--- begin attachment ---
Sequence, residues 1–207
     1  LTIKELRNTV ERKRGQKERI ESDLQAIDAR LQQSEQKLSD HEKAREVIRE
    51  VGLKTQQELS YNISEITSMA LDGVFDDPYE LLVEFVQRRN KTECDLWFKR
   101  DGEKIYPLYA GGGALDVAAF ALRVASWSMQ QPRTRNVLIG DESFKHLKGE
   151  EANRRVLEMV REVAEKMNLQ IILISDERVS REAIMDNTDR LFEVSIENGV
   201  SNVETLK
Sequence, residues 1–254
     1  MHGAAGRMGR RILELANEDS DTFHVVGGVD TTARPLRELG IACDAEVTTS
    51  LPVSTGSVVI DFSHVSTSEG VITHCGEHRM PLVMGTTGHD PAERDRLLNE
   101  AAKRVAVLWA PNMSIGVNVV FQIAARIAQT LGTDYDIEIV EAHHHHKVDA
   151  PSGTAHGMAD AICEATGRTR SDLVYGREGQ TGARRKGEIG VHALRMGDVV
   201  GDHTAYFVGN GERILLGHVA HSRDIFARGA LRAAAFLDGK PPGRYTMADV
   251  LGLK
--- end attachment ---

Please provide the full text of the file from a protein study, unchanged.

Sequence, residues 1–207
     1  LTIKELRNTV ERKRGQKERI ESDLQAIDAR LQQSEQKLSD HEKAREVIRE
    51  VGLKTQQELS YNISEITSMA LDGVFDDPYE LLVEFVQRRN KTECDLWFKR
   101  DGEKIYPLYA GGGALDVAAF ALRVASWSMQ QPRTRNVLIG DESFKHLKGE
   151  EANRRVLEMV REVAEKMNLQ IILISDERVS REAIMDNTDR LFEVSIENGV
   201  SNVETLK
Sequence, residues 1–254
     1  MHGAAGRMGR RILELANEDS DTFHVVGGVD TTARPLRELG IACDAEVTTS
    51  LPVSTGSVVI DFSHVSTSEG VITHCGEHRM PLVMGTTGHD PAERDRLLNE
   101  AAKRVAVLWA PNMSIGVNVV FQIAARIAQT LGTDYDIEIV EAHHHHKVDA
   151  PSGTAHGMAD AICEATGRTR SDLVYGREGQ TGARRKGEIG VHALRMGDVV
   201  GDHTAYFVGN GERILLGHVA HSRDIFARGA LRAAAFLDGK PPGRYTMADV
   251  LGLK